Turmaine Family Law Office

Frequently Asked Questions About Divorce

Have a question? please take a moment to review the following, but if yours isn't answered here, please contact me.

  • Can I get a divorce if my spouse doesn't want it?

    Absolutely. There is one guarantee that a divorce lawyer can give a prospective client and that is that he or she can get the divorce; the other party can make it take longer and be more expensive but they can, in all likelihood not be able to stop the process.

  • Are my reasons for getting a divorce private?

    The reasons people seek a divorce are many and varied. Most of the time most people only need to divulge to the court that reasons by saying that they grew apart, they do not see eye to eye and they have very different opinions on a lot of important issues. And they then respond to a question by the judge that there is no chance that they will reconcile. All of this is in support of a no-fault divorce. If however, the parties cannot reach an agreement and end up with a trial, they will likely be testimony about all manner of issues.

  • Do the reasons for getting a divorce matter to the state?

    The short answer is that the reasons for the divorce do not matter except to the extent that they rise to the minimal requirements of the grounds for divorce. If the grounds are the irretrievable breakdown of the marriage (no-fault) the reasons are as set out in answer to the last question. If the grounds for the divorce are cruel and abusive treatment than they will need to be testimony about what the behavior was and the deleterious impact of that behavior.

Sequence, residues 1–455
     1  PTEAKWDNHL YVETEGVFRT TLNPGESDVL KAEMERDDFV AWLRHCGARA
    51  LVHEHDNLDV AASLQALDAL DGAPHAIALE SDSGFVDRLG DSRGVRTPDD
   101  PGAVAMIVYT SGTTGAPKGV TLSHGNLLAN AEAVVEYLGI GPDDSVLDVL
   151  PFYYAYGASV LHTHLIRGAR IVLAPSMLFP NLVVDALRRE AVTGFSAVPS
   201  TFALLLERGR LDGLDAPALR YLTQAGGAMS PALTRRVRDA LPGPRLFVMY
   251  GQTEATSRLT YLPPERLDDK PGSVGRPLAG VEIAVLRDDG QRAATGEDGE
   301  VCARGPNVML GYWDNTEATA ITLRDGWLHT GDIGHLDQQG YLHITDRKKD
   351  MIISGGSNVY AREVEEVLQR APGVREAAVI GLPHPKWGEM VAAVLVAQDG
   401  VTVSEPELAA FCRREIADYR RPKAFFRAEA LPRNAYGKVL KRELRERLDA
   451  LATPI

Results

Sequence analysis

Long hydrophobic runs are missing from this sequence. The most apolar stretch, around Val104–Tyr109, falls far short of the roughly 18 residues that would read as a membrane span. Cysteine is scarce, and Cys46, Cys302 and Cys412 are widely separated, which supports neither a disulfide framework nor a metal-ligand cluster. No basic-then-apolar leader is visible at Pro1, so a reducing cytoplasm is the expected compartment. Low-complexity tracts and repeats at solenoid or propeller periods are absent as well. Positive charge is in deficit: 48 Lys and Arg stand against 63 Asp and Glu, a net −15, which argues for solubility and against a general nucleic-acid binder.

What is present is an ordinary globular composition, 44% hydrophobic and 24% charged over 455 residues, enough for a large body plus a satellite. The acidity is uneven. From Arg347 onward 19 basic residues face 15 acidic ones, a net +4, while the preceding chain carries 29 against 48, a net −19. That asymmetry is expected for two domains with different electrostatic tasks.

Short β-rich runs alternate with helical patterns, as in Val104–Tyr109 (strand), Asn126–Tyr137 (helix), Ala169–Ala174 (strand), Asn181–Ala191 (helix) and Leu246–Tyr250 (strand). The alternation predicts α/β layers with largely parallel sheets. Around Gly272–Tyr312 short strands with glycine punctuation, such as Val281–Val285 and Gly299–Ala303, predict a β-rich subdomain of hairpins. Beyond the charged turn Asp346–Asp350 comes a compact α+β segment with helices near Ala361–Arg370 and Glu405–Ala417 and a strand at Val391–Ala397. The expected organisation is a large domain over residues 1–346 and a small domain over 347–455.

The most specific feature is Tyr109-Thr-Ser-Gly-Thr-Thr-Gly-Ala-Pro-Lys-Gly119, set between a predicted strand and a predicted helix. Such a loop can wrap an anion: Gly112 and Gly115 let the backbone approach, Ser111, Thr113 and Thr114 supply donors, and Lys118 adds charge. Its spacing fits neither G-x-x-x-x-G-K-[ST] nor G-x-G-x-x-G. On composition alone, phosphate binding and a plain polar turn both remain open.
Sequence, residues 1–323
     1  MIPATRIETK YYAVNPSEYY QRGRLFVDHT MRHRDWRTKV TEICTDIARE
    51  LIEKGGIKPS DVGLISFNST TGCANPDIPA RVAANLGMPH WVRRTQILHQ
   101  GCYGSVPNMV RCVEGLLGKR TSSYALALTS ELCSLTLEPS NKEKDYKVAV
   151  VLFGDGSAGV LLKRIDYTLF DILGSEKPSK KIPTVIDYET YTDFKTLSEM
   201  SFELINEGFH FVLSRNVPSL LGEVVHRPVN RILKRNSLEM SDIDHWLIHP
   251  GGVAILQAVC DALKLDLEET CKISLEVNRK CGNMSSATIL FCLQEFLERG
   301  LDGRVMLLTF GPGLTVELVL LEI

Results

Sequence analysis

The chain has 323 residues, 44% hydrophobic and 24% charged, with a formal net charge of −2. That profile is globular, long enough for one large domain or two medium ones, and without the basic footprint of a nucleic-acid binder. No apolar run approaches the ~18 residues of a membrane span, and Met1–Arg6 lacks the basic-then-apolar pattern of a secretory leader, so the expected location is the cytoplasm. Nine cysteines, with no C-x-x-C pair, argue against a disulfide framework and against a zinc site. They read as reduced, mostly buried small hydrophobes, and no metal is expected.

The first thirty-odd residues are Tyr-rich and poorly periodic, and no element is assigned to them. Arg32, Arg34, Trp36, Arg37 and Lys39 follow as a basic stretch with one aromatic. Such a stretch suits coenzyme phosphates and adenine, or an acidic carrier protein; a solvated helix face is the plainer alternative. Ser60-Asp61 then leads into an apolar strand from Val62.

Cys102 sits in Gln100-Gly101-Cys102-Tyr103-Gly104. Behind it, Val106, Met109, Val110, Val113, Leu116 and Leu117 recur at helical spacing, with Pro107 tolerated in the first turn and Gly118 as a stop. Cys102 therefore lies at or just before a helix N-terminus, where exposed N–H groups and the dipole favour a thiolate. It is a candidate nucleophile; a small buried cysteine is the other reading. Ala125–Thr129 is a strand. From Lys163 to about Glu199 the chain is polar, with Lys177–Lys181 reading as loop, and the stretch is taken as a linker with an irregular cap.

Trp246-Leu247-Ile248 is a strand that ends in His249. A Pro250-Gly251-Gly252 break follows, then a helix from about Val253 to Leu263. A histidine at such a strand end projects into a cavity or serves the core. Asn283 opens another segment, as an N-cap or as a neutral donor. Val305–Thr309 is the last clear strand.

• How much does a divorce cost?

    That very much depends upon how much time a lawyer spends working on the case. Some divorce is cost about $2000 others can cost tens of thousands of dollars!

  • Will I have to pay legal fees if it's not my fault?

    In virtually all cases each party pays their own lawyer fees unless, in the rare case, one party has significant sums of liquid assets available and the other party has virtually none. Is also possible for the court to order one party to reimburse another party if the first party has behaved very poorly in court during the process of the divorce.

  • How long will it take to get divorced?

    Some people can finish with the divorce process within two weeks others can take two years or more before the matter is settled. If the case requires a trial that will likely be closer to two years.

  • What is the most cost effective way to get divorced?

    Mediation is not only less expensive than any other method but also faster and less dramatic for the people involved.

  • How is child custody determined?

    Custody will be granted to the parent that has been the primary custodial parent when the marriage was intact. This is usually only change for a very significant reason such as alcohol or drug abuse or documented mental illness or other unfitness to be a custodial parent.

  • How is child or spousal support calculated?

    Support whether for children or for a spouse is now basically calculated in Massachusetts according to given formulas. The formula for alimony is the need of the recipient but not more than 30 to 35% of the difference in their incomes.

  • Do we need one or two lawyers to get divorced?

    Parties do not need to have two lawyers to get divorced. One lawyer can only represent one party however an experienced mediator can prepare the agreement for both parties. It is however, customary that the parties then get the approval of the agreement by an independent attorney regarding their interests.

  • Are there various options for getting divorced?